The F4A is fundamentally aimed at ensuring that 3PLs are able to perform their services without undue interference from state or local governments. The 3PL industry cannot thrive if it is subject to an inconsistent array of common-law mandates imposed by 50 different states (or judges within those states) dictating, shaping, and constraining in a multitude of ways the services that 3PLs provide. Permitting such actions, and even permitting the mere threat of such actions, has the very real effect of compelling 3PLs to provide costly and time-consuming (not to mention wholly impractical) additional investigative and vetting services as part of their principal business of selecting motor carriers. Inevitably, doing so also increases a 3PL’s prices.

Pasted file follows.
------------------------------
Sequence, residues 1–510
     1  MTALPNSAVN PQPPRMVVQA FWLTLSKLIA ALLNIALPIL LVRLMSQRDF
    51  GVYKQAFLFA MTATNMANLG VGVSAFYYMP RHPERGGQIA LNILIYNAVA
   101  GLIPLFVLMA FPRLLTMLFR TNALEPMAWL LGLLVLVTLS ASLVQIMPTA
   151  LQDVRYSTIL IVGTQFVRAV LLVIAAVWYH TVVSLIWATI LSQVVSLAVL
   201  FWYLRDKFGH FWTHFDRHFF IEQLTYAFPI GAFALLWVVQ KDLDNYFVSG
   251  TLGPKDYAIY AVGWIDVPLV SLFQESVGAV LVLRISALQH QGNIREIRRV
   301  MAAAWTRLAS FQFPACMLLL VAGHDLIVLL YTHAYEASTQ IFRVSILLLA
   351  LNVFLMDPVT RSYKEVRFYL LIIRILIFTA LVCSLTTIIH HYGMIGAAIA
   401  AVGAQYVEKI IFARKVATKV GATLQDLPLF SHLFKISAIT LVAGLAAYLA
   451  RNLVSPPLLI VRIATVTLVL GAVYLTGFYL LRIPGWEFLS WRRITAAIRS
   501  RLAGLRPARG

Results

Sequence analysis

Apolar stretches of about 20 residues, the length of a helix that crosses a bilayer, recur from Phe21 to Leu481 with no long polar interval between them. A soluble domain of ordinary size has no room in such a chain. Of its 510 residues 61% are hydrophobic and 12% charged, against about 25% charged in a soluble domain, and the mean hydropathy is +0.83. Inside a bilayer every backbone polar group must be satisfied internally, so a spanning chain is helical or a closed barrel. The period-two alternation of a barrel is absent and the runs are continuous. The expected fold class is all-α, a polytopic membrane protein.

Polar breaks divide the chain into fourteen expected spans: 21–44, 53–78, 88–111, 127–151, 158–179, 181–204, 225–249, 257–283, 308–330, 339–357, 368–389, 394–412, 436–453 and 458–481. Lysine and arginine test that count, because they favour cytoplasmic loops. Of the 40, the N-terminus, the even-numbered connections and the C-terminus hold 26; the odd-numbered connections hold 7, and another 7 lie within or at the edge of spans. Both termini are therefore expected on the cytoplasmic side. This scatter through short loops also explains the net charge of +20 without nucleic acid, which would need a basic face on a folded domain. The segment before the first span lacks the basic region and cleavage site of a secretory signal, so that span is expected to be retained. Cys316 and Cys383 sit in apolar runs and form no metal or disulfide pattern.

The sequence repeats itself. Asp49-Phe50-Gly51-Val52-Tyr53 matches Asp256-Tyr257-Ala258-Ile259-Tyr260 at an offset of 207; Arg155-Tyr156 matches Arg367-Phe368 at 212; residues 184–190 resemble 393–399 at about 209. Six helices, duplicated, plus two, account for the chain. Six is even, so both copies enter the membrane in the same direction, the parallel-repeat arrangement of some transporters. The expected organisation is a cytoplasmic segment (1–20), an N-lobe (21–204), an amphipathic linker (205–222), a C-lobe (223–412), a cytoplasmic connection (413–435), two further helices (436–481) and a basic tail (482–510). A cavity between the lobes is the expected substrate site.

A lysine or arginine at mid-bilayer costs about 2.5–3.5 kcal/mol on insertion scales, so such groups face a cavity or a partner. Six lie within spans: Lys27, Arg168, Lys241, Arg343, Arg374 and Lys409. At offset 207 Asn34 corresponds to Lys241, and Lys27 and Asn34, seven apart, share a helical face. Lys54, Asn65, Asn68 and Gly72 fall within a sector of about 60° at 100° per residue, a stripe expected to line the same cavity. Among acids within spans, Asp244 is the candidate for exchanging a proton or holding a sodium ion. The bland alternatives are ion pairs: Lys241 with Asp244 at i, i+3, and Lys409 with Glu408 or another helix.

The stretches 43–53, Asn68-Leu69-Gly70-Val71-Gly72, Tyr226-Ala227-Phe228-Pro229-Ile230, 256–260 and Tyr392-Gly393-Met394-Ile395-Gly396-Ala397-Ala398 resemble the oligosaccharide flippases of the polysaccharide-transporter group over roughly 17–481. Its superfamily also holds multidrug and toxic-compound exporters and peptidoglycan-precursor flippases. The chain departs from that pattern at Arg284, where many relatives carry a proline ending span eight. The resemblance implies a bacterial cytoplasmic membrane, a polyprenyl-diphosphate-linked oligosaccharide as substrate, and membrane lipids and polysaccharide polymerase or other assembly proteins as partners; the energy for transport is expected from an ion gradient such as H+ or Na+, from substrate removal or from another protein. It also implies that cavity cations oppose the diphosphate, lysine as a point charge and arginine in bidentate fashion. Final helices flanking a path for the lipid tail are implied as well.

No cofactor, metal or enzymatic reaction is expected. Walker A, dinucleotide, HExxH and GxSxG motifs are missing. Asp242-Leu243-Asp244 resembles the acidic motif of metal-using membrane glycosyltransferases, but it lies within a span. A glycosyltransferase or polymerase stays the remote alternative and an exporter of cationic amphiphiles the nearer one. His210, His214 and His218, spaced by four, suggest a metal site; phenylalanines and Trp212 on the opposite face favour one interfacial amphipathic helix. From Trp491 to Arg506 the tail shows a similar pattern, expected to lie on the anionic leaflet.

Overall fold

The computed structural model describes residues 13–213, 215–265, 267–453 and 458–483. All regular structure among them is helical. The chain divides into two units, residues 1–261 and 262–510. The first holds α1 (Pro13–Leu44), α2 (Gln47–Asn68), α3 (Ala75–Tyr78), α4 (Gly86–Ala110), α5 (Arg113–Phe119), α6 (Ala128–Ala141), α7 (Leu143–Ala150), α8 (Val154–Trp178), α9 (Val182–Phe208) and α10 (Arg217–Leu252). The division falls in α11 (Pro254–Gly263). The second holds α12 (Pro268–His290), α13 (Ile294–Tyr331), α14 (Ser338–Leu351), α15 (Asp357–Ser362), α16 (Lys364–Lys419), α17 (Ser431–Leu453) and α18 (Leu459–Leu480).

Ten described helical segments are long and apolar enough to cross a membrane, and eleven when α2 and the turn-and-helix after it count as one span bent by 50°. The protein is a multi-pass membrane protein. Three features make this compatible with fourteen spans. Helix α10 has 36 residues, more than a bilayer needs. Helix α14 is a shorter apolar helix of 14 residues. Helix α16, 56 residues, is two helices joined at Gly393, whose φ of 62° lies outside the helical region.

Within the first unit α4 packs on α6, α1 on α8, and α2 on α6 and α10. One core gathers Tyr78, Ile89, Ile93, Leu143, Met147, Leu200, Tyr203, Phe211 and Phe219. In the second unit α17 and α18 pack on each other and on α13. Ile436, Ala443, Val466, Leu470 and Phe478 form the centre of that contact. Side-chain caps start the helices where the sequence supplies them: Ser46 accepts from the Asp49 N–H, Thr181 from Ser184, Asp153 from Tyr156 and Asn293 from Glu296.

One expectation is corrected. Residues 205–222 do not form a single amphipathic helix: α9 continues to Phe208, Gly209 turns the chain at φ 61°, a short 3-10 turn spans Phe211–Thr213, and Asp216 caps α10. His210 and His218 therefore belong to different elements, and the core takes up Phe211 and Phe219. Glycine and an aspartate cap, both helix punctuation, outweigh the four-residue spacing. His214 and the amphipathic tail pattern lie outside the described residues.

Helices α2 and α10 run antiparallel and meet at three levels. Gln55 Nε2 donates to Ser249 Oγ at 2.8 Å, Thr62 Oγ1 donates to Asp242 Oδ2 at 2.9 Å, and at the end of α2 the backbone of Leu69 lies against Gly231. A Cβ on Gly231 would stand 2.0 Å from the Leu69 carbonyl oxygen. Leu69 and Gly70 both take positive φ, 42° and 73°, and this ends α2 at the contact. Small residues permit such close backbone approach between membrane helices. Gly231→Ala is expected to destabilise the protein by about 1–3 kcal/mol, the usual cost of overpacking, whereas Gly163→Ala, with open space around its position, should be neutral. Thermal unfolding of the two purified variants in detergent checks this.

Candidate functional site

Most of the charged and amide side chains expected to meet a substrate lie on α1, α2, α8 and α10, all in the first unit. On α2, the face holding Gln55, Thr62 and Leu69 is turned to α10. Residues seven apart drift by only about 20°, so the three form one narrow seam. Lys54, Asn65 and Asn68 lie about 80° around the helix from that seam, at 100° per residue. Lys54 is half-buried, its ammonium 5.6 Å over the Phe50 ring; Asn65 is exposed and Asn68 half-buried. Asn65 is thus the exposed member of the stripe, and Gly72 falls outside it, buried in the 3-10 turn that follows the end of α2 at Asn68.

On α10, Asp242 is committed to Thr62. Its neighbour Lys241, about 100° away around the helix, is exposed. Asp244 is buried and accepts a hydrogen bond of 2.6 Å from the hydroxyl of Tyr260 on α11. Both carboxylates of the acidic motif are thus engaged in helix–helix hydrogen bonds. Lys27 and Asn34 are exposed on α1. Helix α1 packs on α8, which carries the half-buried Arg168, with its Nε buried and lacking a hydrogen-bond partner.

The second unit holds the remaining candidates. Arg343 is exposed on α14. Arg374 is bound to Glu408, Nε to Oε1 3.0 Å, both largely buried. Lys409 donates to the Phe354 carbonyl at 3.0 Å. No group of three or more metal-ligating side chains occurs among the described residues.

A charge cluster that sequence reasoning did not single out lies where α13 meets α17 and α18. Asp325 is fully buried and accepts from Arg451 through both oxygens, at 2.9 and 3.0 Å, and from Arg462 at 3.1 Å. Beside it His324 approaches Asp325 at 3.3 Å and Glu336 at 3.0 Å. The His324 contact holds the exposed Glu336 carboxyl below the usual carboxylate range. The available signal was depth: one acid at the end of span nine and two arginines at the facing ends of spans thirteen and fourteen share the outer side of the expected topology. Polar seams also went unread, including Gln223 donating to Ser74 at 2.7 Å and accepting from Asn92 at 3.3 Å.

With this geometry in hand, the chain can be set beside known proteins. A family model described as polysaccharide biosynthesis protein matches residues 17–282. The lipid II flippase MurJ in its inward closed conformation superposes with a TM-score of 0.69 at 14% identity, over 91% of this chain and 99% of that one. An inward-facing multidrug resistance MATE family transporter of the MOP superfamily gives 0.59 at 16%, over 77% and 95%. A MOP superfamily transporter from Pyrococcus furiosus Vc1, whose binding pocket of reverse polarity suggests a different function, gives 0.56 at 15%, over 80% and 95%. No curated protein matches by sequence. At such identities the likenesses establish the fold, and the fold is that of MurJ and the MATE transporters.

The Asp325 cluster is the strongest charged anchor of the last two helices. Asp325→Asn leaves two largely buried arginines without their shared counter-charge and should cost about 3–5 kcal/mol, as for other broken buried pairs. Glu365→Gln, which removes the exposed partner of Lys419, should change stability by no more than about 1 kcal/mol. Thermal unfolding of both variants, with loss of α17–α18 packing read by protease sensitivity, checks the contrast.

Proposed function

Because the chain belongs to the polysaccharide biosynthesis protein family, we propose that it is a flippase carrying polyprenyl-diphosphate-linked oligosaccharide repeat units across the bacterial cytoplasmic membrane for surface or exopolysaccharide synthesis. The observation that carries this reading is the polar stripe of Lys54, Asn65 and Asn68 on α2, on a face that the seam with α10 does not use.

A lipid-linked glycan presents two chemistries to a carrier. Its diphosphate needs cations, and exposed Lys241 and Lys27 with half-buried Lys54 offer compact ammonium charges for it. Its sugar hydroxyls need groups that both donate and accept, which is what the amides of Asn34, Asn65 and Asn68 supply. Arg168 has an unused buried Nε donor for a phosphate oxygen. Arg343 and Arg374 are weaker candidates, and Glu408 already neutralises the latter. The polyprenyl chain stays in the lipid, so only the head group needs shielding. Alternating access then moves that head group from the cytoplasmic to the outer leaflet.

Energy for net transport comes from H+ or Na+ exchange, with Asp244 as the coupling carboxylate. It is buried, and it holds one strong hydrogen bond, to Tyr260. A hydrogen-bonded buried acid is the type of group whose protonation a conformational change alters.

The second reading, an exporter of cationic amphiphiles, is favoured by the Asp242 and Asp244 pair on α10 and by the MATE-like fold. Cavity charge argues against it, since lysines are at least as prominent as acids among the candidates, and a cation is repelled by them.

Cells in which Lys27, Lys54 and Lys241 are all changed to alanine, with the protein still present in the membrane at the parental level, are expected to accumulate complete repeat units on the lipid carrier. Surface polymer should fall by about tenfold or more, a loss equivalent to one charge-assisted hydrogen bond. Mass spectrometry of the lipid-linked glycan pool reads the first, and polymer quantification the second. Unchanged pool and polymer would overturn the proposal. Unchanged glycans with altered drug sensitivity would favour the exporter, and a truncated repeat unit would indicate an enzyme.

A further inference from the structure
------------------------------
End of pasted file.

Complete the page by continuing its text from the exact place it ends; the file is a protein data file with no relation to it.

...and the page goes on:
In short, although 3PLs have been tagged with multi-million dollar judgments in personal injury lawsuits in recent years, they can now take some solace in that the courts in 2018 have increasingly recognized that state-law negligent-hiring claims plainly and significantly frustrate the federal objectives of the F4A. Hopefully, this encouraging trend will continue
in 2019.

Marc S. Blubaugh is Partner with Benesch, Friedlander, Coplan & Aronoff LLP in Columbus, OH. He can be reached at mblubaugh@beneschlaw.com.

References
1 Case No. 16 C 1883, 2018 WL 741441 (D.C. N.D. Ill. 2018)
2 Case No. 17-778 (E.D. Pa. 2018)
3 Case No. 17 C 3018, 2017 WL 4864857, at *4 (N.D. Ill. Oct. 26, 2017)
4 181 F. Supp. 3d 250, 257 (D.N.J. 2016)
5 Alaska Superior Court, Case No. 3AN-07-10226 (2007)